A surprise ceremony has been held for a “remarkable” World War 2 veteran.
The presentation, organised by Carmarthenshire County Council’s armed forces champion Cllr David Jenkins, was to give thanks and gratitude to John Hall Jones from Llansaint, who fought in the 8th army, with the Desert Rats.
Speaking at the event, 96-year-old John said: “This all came as a complete surprise to me. My grandchildren brought me in the car and I thought I was going to Carmarthen to look in the shops and I turned up here. If I’d known I think I’d have walked away, but everyone put me at ease so I weathered it.”
Attending the presentation was HM Lord-Lieutenant of Dyfed, Miss Sara Edwards; Chairman of the council, Cllr Irfon Jones; Retired Lieutenant Colonel David Mathias; Cllr David Jenkins, armed forces champion for Carmarthenshire County Council; Local Member Cllr Mair Stephens and Dewi Treharne, Chelsea Pensioners who was in the same regiment as Mr Jones along with Mr Jones’ family, some of whom had travelled all the way from Belgium for the surprise presentation.
Mr Jones was born in Penrhietyn, Neath in 1921. The family then moved to Llangennech.
In 1937 John was sent to London to work for a German firm as an apprentice toolmaker.
When he was 18 (1939) John was called up and entered the Royal Warwickshire Regiment.
After training he was transferred to the Signal Corps, and was attached to the North Somerset Yeomanry.
“I went to North Wales on a signal course and in July 1941, we sailed from Liverpool. We had no idea where we were going,” said John.
John was posted to the Middle East in July 1941, but his arrival there was delayed. The ship he was on was torpedoed in Mid-Atlantic.
“After the torpedo hit, we were slung from one end of the cabin to the other, and there were 30 of us all piled on top of one another. I will never forget the silence of that room. Then one man said: “I think we’ve been hit chaps” at which we all laughed.”
The ship that picked him up was enroute to Canada, so he was there for three months until a boat back to North Africa could be found. John was billeted with a Canadian family, and they still exchange letters and phone calls to this day.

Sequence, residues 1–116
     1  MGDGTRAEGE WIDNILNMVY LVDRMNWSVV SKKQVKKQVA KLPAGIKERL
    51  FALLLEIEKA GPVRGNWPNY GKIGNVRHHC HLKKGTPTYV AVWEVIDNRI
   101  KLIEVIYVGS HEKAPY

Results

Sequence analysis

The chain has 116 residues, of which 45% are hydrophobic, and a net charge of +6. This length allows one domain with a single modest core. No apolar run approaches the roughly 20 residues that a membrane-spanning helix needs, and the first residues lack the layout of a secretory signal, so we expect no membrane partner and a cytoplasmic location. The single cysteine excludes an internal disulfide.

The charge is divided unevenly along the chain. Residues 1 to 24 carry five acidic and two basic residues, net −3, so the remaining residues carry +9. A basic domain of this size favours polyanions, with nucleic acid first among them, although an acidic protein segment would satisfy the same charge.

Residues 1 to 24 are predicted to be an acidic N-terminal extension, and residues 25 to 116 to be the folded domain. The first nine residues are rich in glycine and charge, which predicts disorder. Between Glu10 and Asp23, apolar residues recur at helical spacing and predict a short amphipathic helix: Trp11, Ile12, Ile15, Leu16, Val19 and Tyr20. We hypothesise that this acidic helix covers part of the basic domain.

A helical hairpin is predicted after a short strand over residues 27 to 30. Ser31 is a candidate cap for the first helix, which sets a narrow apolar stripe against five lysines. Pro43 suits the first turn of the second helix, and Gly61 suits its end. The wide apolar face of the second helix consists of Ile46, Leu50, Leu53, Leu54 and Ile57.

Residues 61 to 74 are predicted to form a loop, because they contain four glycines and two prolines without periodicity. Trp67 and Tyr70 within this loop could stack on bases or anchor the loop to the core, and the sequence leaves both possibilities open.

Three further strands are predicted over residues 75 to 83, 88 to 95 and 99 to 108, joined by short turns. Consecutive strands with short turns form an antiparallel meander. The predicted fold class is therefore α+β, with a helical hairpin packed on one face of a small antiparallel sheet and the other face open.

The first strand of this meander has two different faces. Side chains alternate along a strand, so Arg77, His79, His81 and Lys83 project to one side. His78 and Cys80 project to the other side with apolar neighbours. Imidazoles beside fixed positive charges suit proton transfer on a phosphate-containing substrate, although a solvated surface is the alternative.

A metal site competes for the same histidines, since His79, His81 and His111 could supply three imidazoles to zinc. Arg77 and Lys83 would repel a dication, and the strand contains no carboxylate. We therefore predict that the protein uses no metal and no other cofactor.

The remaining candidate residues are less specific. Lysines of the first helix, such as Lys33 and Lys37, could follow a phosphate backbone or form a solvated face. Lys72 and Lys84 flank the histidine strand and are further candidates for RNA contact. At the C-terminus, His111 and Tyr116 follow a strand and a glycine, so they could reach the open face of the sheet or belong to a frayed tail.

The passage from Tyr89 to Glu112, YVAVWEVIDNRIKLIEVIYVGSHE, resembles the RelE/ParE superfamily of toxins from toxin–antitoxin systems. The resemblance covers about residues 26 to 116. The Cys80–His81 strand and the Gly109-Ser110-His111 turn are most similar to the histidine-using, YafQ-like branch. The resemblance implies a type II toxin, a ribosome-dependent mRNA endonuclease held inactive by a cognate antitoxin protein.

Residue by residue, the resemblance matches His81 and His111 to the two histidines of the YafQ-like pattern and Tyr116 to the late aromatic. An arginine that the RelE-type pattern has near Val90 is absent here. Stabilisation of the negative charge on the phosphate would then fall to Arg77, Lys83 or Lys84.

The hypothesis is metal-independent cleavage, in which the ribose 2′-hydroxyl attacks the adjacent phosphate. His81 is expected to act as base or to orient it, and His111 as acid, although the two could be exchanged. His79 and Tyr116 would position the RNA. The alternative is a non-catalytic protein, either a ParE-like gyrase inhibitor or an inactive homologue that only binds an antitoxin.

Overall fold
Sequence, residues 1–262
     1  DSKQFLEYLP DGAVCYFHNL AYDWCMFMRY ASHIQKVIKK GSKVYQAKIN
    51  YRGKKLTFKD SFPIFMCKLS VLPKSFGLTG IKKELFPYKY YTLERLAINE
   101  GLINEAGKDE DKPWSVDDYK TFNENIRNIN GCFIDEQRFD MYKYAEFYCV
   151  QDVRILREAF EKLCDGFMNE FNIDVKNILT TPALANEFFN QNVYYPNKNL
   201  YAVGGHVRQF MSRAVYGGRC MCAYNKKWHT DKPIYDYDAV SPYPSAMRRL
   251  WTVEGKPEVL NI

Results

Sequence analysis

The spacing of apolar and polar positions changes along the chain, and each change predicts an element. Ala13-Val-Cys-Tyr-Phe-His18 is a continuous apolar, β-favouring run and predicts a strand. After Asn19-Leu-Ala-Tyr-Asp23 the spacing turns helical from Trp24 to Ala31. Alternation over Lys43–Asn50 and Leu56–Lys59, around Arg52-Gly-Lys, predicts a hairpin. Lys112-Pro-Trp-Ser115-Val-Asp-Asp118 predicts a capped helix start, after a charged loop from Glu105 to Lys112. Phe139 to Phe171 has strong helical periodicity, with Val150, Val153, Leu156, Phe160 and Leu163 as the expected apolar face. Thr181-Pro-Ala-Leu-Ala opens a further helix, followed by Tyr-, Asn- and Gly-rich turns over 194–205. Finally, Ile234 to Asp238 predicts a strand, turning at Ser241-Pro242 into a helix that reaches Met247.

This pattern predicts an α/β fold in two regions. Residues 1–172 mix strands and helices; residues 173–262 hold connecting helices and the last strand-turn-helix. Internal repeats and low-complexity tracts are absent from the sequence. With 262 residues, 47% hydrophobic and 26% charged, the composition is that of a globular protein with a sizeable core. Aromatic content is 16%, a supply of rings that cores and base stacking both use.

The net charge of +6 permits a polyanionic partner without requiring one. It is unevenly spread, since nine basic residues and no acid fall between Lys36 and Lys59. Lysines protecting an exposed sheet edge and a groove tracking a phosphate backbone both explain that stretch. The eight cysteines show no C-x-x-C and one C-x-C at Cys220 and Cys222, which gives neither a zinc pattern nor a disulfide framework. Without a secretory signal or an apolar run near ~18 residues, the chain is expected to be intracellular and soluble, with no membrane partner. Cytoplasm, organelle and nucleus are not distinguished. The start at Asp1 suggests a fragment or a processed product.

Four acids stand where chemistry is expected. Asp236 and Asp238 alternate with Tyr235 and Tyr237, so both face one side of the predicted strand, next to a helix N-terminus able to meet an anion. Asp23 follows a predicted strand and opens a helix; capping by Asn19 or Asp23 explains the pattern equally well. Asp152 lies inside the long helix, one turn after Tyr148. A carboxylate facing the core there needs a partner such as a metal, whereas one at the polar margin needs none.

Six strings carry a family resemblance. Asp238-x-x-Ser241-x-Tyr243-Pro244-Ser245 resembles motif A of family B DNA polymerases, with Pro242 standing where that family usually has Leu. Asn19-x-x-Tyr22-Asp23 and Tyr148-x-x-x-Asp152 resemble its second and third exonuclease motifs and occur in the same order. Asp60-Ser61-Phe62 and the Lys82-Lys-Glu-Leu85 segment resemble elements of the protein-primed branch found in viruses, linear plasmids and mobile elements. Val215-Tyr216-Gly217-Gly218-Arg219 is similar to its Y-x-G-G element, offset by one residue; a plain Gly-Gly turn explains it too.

In November 1941 John was moved from Egypt to El Alamein, where he served all the way to Tripoli.
He spent three birthdays in the North African desert.
“At Tripoli, (after it was all over), we boarded a ship back to Egypt, went through another intensive course, and sailed. We thought we were going to France. But it wasn’t – it was Sicily, where we landed at Syracuse.”
John was then involved in the invasion of Sicily, landing at Syracuse, and then with the Italian campaign all the way to Sienna.
The regiment went home and John was sent back to Greece for another year.
John finally returned to Britain, in the bomb bay of a Halifax bomber – but there was no hero’s welcome – as the war had ended a year earlier. John was discharged in September 1946, at just 24-years-old.
Mr Jones received five medals, including the Africa Star and the Italy Star.
“War is a complete and utter waste of time. There must be another solution. When we were boys and we’d just joined up, we didn’t know what war was,” he said. “We had our uniforms and we’d march up and down the streets, running around going to dances and meeting girls, and we thought life was great. Until reality hit us in the face, and all of a sudden, we had to grow up in a couple of hours. Up until then we didn’t realise what it was all about. It was all a bit of a joke.”
Following the war John met his wife Gladys at a dance and the couple were married six months later and had two sons, Trevor and Gareth. The couple were married for over 65 years. Gladys passed away last year, two months short of their 70th wedding anniversary.
After the war John was a police officer for 20 years in the Port of London Police.
He retired in 1968 and then worked as a security officer, fire officer at BP HQ in London, followed by a security officer at Chelmford Crown Court until he retired at 65.
Then the couple returned to Nanternis, a village just outside New Quay. In 1996 they moved to Llansaint.
Cllr David Jenkins, armed forces champion for Carmarthenshire County Council said: “Mr Jones has had a remarkable life and it’s right that he is honoured in a unique service like this. Our debt to him and others like him is very great.”
Retired Lieutenant Colonel David Mathias said: “This is a tremendous war story. Thanks is not enough, but you get our respect and gratitude for all time.”